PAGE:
It’s become common practice to include emojis in digital communications. They serve as a quick way to respond or interject tone. Emojis have become so endemic in online communication that they are considered legally binding in some situations.
Each year, more cases in U.S. courts treat emojis as legally binding. Eric Goldman, a professor at Santa Clara University, has written and talked about emojis and the law. He points out that people think they will not be held liable when using emojis, as if they differ from words or statements the person might otherwise make. This interpretation gives them plausible deniability, but that’s not how the legal system works. The court interprets words and symbols together when reviewing digital communications.
For example, if someone criticizes the police and writes, “I really hate the police,” that alone would not be actionable. But the message begins to appear like a threat against the police officers when coupled with the gun, bomb, or knife emoji. In this instance, the emoji will be interpreted in the context of the words used to determine whether or not a real threat to commit violence was made, which could lead to legal consequences.
Using emojis when chatting with someone about a transaction, such as selling a car or TV, can also be interpreted as acceptance of an agreement of sale. If the buyer sends a thumbs-up emoji after a discussion about price, that’s a legally binding contract. The buyer has committed to the purchase by the way in which the intent was expressed. Using an emoji versus typing “yes” or “I agree to buy this” or writing a signature on a piece of paper is immaterial. The symbol expressing your enthusiasm for the proposal can be enough to constitute a commitment that would be legally recognized.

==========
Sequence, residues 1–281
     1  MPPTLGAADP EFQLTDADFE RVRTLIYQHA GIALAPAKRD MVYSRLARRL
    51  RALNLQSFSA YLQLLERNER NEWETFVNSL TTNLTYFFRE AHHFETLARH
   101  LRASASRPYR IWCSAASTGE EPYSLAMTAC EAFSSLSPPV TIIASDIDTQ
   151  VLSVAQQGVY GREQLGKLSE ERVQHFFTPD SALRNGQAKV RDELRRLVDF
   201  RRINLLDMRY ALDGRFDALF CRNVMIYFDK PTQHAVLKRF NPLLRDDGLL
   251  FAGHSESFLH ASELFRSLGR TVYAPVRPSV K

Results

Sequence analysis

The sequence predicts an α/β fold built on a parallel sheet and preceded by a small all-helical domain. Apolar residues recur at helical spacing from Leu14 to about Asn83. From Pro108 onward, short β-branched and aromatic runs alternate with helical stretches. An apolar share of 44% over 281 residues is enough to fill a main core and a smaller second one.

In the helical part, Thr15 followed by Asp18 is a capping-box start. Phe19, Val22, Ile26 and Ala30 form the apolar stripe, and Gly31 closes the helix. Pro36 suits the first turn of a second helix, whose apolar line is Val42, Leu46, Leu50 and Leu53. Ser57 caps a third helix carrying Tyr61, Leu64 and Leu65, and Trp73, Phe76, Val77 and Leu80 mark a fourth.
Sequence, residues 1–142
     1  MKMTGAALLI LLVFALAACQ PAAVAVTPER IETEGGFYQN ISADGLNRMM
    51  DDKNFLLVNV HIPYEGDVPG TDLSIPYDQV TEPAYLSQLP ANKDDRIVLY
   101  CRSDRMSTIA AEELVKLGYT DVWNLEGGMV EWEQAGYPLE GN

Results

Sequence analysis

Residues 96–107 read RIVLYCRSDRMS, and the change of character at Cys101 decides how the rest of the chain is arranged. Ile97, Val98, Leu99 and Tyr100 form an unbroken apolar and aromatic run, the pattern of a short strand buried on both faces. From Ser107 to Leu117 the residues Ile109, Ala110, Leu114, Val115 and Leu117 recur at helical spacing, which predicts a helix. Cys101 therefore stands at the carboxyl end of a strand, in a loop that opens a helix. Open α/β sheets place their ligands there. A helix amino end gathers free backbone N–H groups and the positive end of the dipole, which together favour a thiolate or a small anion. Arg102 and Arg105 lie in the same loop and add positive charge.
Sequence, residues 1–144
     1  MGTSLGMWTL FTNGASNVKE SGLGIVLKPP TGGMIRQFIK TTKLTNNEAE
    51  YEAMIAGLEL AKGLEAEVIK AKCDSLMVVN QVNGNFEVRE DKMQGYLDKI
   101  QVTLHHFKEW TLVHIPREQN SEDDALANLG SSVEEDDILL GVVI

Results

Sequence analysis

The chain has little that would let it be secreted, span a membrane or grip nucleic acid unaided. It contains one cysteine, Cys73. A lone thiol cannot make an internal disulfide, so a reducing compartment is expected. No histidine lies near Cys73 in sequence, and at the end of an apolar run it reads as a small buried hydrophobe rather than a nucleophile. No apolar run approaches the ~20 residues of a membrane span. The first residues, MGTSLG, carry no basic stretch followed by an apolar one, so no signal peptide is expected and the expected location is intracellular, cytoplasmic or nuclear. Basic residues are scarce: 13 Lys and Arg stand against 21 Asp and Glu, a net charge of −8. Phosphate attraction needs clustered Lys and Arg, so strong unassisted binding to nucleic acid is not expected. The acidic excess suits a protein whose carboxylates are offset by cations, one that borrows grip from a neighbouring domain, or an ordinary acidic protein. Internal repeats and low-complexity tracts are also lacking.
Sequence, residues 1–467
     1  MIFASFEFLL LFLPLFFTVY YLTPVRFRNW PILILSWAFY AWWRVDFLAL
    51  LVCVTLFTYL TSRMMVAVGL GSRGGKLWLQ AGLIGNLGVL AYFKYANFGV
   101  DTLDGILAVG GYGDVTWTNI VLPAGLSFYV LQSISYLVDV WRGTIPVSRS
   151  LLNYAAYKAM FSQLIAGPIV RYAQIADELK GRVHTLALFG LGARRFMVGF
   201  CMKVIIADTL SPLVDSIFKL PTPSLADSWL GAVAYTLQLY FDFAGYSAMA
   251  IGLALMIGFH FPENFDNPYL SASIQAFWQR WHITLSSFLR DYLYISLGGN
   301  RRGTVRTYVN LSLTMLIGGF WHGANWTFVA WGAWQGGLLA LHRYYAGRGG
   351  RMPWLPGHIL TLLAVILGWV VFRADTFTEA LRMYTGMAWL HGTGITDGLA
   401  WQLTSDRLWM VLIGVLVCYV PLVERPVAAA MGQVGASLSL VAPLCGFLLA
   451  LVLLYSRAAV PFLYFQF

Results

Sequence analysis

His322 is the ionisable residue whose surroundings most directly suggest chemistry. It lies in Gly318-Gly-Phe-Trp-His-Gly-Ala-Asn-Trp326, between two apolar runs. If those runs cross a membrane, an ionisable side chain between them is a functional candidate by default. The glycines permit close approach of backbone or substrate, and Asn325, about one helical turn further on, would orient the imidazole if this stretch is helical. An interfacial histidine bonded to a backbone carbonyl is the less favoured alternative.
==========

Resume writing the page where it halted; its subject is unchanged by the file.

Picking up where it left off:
In a recent Canadian case, the court issued a summary judgment that sending someone a thumbs-up symbol in a message can be viewed as acceptance of a contract.
The lawsuit centered on text messages between a grain supplier and a buyer. Following a phone discussion about the price, the buyer sent the seller an image of a contract and asked the seller to confirm the agreement. The seller responded with a thumbs-up emoji, which became the focal point of the confusion.
The seller claimed in the lawsuit that the symbol meant he had received the contract in the message. The buyer believed the emoji represented the seller agreeing to the contract terms. The buyer indicated that there had been previous instances where contracts were handled and agreed upon with the emoji. Because of the confusion, the seller failed to deliver the goods to the buyer.
The court researched the meaning of the emoji and its use worldwide. It determined that while the thumbs-up emoji is a non-traditional means of signing a document, it was nevertheless a valid way to convey acceptance in this case. As a result, the court ordered the seller to pay $61,442 to the buyer for failing to fulfill the contract.
So should you continue using emojis despite potential legal consequences? Absolutely. Emojis are fun and can be a more effective way of communicating emotion and personalizing messages.
But don’t treat emojis as a special class of content. They are potentially as legally binding as words or a signature. For situations involving transactions and contracts, it is best to say what you mean to avoid confusion. Giving the same weight to emojis as signatures comes with its own security concerns and increased ambiguity. Using formal documentation requiring dates and signatures to indicate acceptance of an agreement will ensure that both parties have a clear understanding of the contract.
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